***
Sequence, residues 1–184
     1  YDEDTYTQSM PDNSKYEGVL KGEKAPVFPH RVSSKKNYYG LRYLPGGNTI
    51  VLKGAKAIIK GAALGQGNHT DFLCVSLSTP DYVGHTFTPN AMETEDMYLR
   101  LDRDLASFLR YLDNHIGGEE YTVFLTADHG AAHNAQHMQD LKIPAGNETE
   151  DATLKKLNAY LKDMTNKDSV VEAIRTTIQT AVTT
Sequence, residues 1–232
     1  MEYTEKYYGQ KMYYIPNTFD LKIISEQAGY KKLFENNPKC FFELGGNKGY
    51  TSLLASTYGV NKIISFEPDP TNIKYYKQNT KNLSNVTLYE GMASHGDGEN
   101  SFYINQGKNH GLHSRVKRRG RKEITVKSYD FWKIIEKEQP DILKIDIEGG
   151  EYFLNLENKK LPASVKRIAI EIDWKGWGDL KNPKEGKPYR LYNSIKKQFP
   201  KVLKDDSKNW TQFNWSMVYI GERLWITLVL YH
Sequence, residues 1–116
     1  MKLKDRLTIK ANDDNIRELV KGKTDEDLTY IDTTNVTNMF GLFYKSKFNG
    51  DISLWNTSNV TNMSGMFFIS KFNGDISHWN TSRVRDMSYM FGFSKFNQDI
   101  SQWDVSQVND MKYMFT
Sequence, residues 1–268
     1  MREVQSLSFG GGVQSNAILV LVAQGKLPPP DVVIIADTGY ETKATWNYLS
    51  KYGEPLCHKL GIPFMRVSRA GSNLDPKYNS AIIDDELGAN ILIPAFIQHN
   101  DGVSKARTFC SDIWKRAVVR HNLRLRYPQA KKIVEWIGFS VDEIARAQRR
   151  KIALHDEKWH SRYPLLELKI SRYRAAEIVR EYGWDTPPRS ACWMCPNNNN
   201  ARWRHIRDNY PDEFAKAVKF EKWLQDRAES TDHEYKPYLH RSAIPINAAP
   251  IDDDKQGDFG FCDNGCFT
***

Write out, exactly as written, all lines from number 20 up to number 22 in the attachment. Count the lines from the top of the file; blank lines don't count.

   151  KIALHDEKWH SRYPLLELKI SRYRAAEIVR EYGWDTPPRS ACWMCPNNNN
   201  ARWRHIRDNY PDEFAKAVKF EKWLQDRAES TDHEYKPYLH RSAIPINAAP
   251  IDDDKQGDFG FCDNGCFT